‘Tex Winter Drive’ unveiled Saturday

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In a ceremony before the basketball game against Oklahoma State on Jan. 24, 2015, K-State Athletics unveiled a limestone marker dedicating the drive immediately in front of the east side of Bill Snyder Family Stadium and Bramlage Coliseum to Tex Winter, K-State head basketball coach from 1953-68. Winter, an innovator of the "triangle offense," led the Wildcats to eight Big 7/8 titles, six NCAA Tournament bids, including trips to the Final Four in 1959 and 1964, and four top-20 finishes. Winter is also a member of the Naismith Basketball and the National Collegiate Basketball Halls of Fame. (Parker Robb | The Collegian)

The man who helped guide K-State to four Final Four appearances now has his legacy permanently displayed near the current home of K-State men’s hoops.

Prior to Saturday’s Big 12 clash between K-State and Oklahoma State, Athletics Director John Currie, joined by All-American Ernie Barrett and the public, dedicated the stretch of pavement leading up to the east side of the K-State Basketball Training Facility and Bramlage Coliseum in Fred “Tex” Winter’s honor.

Winter joins another legend in Jack Hartman as former K-State head coaches to have a drive dedicated in their honor. “Jack Hartman Drive” is located on the west side of Bramlage Coliseum off of College Avenue.

“Coach Winter and his players and his program set the stage for all K-Staters to truly believe in no self limitation, to truly believe we could be America’s model intercollegiate athletics program.” – John Currie

The dedication came to fruition this fall when current K-State head coach Bruce Weber approached Currie with a request to honor Winter, who is second all-time in K-State history with 261 wins (261-118).

“I said, ‘Coach Winter is still here, we need to honor him,'” Weber said Saturday after the game. “With the practice facility, I thought it was a natural thing. I’m really happy they decided to do that, it’s well deserved … (he’s) special to the world of basketball. It’s a good thing for K-State basketball.”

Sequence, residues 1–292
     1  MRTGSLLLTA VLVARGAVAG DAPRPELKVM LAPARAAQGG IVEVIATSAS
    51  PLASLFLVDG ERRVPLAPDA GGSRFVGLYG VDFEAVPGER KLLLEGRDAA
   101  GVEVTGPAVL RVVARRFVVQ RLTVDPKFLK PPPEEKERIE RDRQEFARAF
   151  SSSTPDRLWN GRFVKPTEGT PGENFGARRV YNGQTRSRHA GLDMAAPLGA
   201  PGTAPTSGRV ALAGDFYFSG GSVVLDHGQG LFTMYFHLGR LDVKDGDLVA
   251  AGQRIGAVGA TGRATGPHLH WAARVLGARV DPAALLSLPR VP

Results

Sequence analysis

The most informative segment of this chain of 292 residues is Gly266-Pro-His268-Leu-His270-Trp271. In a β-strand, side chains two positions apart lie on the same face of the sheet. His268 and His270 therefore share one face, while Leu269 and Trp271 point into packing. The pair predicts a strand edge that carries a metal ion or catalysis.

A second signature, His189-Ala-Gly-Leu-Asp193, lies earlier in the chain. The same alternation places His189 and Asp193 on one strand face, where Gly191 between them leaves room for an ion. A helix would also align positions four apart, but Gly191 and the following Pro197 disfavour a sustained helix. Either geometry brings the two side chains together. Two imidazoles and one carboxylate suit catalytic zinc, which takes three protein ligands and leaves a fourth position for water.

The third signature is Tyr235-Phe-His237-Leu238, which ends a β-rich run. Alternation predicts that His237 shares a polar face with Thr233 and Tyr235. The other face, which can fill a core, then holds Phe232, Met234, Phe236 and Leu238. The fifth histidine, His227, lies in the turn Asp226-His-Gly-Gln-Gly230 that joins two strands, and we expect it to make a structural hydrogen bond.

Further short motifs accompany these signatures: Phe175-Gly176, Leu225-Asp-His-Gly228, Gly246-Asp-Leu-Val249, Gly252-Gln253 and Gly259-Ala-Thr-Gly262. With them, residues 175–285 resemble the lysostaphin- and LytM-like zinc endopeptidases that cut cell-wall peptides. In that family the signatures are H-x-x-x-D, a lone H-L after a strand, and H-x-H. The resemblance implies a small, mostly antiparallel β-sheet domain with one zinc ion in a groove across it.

Winter, 92, is the only person affiliated with all four K-State Final Four teams (1948, 1951, 1959 and 1964). The latter two trips came during his 15-year tenure as the head coach (1954-68). Prior to taking the lead job, Winter spent four seasons in Manhattan as an assistant head coach to Jack Gardner, who Weber also said he believes should be honored in similar fashion.

“Back a long, long time ago when this was just a bunch of fields, before K-State was known for Big 12 championships or K-State 2025, there was a basketball program that achieved heights that had never been achieved for K-State.” – John Currie

Along with the Final Four appearences, Winter led K-State men’s basketball to eight Big Seven/Eight Conference titles, five Big Seven/Eight Holiday Tournament crowns and six NCAA Tournament appearances.

The latest honor is another to add to Winter’s lengthy list of accolades and accomplishments. In 2010, Winter was inducted into the National Collegiate Basketball Hall of Fame in Kansas City, Missouri. A year later, he was enshrined into the Naismith Memorial Basketball Hall of Fame in Springfield, Massachusetts.

Locally, Winter is a member of the State of Kansas and Kansas State University Sports Halls of Fame. He is also lauded as the inventor of the triangle offense, which is still used in today’s game at all levels.

“Back a long, long time ago when this was just a bunch of fields, before K-State was known for Big 12 championships or K-State 2025, there was a basketball program that achieved heights that had never been achieved for K-State,” Currie said at the dedication. “Coach Winter and his players and his program set the stage for all K-Staters to truly believe in no self limitation, to truly believe we could be America’s model intercollegiate athletics program.”

Currie and Barrett presented the limestone dedication with Winter standing a few feet away. Winter traced his fingers around the lettering of his name, looked up and smiled.

The man who helped put K-State men’s basketball on the map now, and forever, has a piece of history on the map for all to see.

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